I want to use laminated flooring in my flat. Can you tell me its advantages and disadvantages, and which would be the best brand? My home is two years old, so would it be advisable to go in for laminated flooring instead of vitrified tiles?
Warm wood: Laminate flooring is good for enclosed, dry spaces.
— Susan Ann Cherian
I would use vitrified tiles in wet (kitchen, bathroom, veranda, etc.) or high-traffic areas, and wooden flooring in enclosed rooms that need an extra touch of warmth.
Laminated wooden floor planks are actually particle boards with a printed surface finish (often laminates). Ensure that the base material is made of medium density and not low density fibre-board, and its thickness is equal to, or greater than, 6mm. Though international standards recommend grade AC-3 in laminated flooring for residential use, I prefer AC-4, especially for high-traffic areas such as entrance lobbies, staircase landings, etc. Also choose interlocking joints, bevelled edges, and matching skirting and edge strips.
Quick installation: A trained team of two can easily lay a 200 sq. ft floor in an 8-12-hour shift, from site preparation to skirting and edging, to finishing.
Affordability: The starting cost is Rs45-55 per sq. ft, though some of the big brands market similar specifications for as much as Rs250 per sq. ft.
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Flexibility: Laminated floor tiles have tongue-and-groove edges that lock together, letting them sit flat on the existing floor without adhesives. This makes it easy to dismantle and re-lay these at another location.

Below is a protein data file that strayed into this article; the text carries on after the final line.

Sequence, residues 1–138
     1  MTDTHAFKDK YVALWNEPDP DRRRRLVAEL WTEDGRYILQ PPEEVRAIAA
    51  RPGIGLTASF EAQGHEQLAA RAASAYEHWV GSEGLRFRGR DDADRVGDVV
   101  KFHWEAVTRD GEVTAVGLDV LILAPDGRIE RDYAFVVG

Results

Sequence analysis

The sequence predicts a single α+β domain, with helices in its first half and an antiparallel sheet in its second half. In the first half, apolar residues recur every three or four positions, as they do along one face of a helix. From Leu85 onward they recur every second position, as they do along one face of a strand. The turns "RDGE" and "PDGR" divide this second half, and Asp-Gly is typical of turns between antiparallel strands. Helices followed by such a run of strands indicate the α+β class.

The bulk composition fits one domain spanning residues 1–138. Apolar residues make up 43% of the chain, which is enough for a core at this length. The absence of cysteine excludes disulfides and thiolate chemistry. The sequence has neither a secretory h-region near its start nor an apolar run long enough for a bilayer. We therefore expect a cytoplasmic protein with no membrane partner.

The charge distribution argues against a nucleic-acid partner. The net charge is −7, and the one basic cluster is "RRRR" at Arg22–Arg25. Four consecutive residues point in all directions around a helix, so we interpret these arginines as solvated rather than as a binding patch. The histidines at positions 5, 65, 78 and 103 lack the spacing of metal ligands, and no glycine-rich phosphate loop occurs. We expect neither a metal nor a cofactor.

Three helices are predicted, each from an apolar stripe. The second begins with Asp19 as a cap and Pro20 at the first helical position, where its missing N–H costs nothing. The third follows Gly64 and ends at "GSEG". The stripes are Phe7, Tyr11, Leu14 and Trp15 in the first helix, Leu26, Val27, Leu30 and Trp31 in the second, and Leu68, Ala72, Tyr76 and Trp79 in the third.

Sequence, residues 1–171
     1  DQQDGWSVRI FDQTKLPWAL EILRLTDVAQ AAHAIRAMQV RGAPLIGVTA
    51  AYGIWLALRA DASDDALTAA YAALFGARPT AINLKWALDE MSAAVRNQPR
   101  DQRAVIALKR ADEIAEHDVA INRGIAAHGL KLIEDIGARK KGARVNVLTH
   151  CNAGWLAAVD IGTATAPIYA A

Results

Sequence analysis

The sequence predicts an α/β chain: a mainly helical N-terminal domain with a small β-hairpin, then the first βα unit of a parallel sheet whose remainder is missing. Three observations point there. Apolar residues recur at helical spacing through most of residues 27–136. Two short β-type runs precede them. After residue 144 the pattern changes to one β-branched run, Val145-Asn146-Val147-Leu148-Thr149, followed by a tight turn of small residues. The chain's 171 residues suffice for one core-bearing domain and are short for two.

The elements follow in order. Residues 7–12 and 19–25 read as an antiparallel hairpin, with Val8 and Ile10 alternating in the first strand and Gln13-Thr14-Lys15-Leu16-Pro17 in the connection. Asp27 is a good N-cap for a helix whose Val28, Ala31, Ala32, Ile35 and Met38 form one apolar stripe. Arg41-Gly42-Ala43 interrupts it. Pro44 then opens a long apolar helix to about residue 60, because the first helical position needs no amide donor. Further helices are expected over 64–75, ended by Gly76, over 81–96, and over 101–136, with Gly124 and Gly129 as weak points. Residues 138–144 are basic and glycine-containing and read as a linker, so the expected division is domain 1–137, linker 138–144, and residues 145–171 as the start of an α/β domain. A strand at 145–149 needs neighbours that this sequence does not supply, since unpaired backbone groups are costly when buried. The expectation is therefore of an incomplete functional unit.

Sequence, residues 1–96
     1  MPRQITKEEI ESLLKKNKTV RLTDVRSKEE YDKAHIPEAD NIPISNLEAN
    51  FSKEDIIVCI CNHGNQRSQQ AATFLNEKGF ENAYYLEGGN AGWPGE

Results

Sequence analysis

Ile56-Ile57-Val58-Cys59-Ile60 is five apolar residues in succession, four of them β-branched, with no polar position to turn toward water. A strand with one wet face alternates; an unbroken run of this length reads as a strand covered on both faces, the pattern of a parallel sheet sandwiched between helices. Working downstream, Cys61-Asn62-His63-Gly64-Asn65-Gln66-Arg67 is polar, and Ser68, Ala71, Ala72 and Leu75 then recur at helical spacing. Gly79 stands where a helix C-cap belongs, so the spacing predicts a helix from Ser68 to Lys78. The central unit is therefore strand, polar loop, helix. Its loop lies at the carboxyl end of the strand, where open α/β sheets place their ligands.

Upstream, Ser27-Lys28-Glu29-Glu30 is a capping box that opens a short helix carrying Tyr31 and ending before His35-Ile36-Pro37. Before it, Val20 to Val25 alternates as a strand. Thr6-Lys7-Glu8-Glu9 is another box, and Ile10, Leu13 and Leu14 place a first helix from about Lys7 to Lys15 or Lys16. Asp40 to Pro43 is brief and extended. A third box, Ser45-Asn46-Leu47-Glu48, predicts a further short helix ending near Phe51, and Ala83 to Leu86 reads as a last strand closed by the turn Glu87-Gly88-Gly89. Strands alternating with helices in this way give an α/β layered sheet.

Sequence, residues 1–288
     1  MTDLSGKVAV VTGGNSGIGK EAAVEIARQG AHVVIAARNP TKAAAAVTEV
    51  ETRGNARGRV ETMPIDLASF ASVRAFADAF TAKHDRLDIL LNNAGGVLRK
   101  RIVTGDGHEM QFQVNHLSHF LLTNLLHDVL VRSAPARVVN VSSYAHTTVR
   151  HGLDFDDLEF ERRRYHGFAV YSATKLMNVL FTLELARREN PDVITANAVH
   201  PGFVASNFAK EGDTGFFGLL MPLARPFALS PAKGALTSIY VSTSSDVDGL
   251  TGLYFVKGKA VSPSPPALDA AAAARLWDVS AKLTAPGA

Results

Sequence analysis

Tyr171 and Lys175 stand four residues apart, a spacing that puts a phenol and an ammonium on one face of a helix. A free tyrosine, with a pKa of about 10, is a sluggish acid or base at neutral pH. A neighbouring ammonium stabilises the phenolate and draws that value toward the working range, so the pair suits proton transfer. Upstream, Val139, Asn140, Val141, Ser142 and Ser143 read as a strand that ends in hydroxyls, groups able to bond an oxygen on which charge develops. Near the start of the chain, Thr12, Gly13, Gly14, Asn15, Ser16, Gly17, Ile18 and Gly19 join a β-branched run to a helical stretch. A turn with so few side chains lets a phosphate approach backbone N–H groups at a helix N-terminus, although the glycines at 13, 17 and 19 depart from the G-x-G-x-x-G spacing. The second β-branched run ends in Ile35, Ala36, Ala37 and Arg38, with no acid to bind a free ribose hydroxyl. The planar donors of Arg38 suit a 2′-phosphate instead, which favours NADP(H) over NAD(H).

Low maintenance: Compared to natural wood flooring, which requires periodic surface finishing (polish, wax, melamine, etc.), laminates withstand scratches, stains, hot or cold vessels, even swabbing (just not too wet). They are child-friendly: You can easily wipe off colour pencil or crayon marks, but it is difficult to completely remove an entire bottle of poster paint or nail polish.
Variety: There are options imitating natural wood accurately, including grain pattern, colour, surface texture, even scratch marks for realism. Others could imitate a tile pattern or metal finish, or even a stone surface.
Water absorption: If accidentally flooded, the planks expand and deform quickly, their edges rising. Rooms that open on to a terrace, veranda or garden need a threshold. A stone or tile band is ideal. If flooding happens, try to sponge up as much water as possible, keep the room ventilated and wait to see if the planks settle.
Toxicity: A formaldehyde-containing adhesive makes them fire-resistant, but the fumes are probably harmful. Some brands now offer formaldehyde-free options.
Insect activity: Though these planks are marketed as termite-resistant, I wouldn’t risk placing them in termite-infested, dark or damp spaces.
Noise amplification: These floors amplify sound. To reduce noise, place a thin (1.5-2mm) layer of foam under them.
Colour variation: Planks of the same brand and design but different lots (depending on the date of manufacture) could have slight variations in colour. Replacement of damaged planks can be difficult. Finding skirting, edge protection strips, etc., to match is also tedious as most brands only produce these in a few popular shades, not matching the entire range.
Shaping issues: Laminated flooring can be cut to any shape but finding or creating a curved edge protection strip becomes tedious. As these strips also act as expansion barriers, they tend to disfigure the joint-free look in a large hall by appearing at regular intervals. This kind of flooring is also not recommended for steps.
Service: Finding a vendor willing to take on a small, inexpensive job of, say, repairing a broken edge strip or replacing a few planks can be difficult.
Pergo invented and promoted laminated flooring all over the world, and maintains a leading position. But the market is flooded with similar, yet cheaper, options. European brands are sturdier than East Asian ones.
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